Author: Tanisha Priyadarsini, Madhusudan Law University
Sexual intercourse or sexual activity by a man with his own wife, who is above 18 years of age, is not a sexual assault, ‘even if it is against the consent or will of the wife’. Under the section 375 of Indian Penal Code, 1860 deals with the word ‘rape’ and defines it as an unlawful sexual intercourse carried out forcibly or under the threat of injury against the person’s will or with a person who is incompetent of giving valid consent due to mental illness, intoxication or unconsciousness, or with a person who is below 18 years of age. But there are two exceptions attached to the section 375 of Indian Penal Code,1860 which state about the scenarios, which are not considered as rape situations. The two exceptions are: first, the victim’s consent is necessary for he medical examination or interventions; and second, sexual intercourse by man with his own wife, who is 18 year above, is not a rape.
Going back to the roots, the IPC is based on the 1874 draft of Lord Macaulay who was the chairman of the first law commission, which was established during the colonial era in India. This particular exception in the draft decriminalises marital rape and it implies that the women consent to the marriage and to protect the conjugal rights of husband. During the colonial era, this exception was stated as non- criminalised based on two ideas or concepts that they followed. The first idea was the Doctrine of Hale, which was given by Mathew Hale, the British chief justice in the year 1736. It stated that the husband cannot be held guilty of rape when their marriage and matrimonial relationship started with the consent of both the parities and contract the wife has given up herself in this kind to the husband. Another ideal concept that was implied was termed the Doctrine of Coverture, which meant that a woman has no individual legal identity after marriage. Isn’t this doctrine unlawful towards the constitution? Isn’t this doctrine creating inequality in society? Where every woman is trying to hold equal status, where every law and legislation is trying to equalise and provide equal status to all the categories, then why is this exception not still being criminalised? In the hearing where the honourable supreme court of India struck down adultery as a crime in the year 2018, Justice Indu Malhotra, held that section 497, is based on the doctrine of coverture, and although it is not recognised by the constitution, it is violative towards the fundamental right of a woman. On the same, hearing, Justice D Y Chandrachud stated that both the man and woman does not lose their degree of sexual autonomy after marriage. He also stated that even after marriage either of the parties has the right to say ’NO’ to sex.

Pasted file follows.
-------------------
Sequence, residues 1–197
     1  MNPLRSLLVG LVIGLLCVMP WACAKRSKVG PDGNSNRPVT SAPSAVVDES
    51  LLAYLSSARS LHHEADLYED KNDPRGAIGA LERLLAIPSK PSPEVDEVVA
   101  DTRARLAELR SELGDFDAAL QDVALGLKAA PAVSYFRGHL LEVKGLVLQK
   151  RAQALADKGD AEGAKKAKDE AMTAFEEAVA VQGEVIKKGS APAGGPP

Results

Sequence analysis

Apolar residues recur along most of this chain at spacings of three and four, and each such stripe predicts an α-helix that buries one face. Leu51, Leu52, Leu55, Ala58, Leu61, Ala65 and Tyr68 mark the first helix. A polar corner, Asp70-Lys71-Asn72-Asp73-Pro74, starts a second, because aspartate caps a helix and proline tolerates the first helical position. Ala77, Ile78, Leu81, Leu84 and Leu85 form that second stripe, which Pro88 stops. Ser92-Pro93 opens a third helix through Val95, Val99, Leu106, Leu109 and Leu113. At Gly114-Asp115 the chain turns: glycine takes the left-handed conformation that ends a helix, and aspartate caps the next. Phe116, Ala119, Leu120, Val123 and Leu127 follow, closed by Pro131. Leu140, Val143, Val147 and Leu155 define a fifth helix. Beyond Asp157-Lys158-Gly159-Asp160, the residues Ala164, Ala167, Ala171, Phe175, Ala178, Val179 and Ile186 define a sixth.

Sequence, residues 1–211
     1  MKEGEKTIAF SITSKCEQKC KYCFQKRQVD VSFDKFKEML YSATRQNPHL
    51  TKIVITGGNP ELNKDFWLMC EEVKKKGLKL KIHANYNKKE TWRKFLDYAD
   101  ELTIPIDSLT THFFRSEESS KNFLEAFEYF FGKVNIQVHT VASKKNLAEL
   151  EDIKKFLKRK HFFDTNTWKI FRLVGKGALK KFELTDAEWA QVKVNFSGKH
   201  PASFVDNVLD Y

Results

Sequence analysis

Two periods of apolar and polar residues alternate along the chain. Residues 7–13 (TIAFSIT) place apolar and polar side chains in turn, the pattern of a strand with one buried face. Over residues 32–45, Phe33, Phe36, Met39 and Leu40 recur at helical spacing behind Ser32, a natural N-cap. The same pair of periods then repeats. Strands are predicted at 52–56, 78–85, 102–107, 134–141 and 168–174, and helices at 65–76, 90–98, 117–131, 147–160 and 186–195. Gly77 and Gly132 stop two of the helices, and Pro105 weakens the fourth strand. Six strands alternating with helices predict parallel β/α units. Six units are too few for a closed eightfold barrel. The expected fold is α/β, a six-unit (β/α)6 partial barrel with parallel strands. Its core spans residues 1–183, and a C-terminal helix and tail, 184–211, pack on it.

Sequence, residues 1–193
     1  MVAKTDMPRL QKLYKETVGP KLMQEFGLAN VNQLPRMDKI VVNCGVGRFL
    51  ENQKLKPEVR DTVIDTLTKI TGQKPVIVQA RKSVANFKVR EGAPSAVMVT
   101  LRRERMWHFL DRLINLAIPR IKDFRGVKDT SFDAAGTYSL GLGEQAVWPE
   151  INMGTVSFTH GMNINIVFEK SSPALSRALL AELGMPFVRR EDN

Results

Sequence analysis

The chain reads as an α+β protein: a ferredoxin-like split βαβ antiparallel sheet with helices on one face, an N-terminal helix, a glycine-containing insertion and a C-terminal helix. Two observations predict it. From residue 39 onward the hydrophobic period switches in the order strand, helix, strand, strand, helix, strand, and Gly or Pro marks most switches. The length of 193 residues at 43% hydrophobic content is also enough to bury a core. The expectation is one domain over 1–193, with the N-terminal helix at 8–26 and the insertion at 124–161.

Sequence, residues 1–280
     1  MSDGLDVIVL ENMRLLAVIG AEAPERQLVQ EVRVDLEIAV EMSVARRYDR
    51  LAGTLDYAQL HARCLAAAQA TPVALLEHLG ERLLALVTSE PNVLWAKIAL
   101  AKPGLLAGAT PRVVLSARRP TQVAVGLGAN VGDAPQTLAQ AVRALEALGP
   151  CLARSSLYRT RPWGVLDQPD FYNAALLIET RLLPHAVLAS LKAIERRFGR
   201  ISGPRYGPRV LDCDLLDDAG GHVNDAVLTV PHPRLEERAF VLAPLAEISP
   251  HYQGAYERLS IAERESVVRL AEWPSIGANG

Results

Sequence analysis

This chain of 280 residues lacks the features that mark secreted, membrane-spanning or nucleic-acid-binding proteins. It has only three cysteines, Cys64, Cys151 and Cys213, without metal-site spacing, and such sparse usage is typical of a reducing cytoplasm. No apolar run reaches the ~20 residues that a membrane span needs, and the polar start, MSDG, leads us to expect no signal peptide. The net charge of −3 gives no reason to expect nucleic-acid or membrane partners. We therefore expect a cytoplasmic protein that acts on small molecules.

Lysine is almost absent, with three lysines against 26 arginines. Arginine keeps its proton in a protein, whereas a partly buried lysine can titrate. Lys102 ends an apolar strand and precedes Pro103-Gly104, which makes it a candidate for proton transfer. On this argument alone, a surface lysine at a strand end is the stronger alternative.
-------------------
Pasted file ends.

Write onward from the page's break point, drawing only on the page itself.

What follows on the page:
The concept of marital rape is known to several post-colonial countries. Countries like Australia, Canada, South Africa, UK have enacted laws that criminalises the marital rape. But still, India is one of the 36 countries that still have not criminalised the marital rape.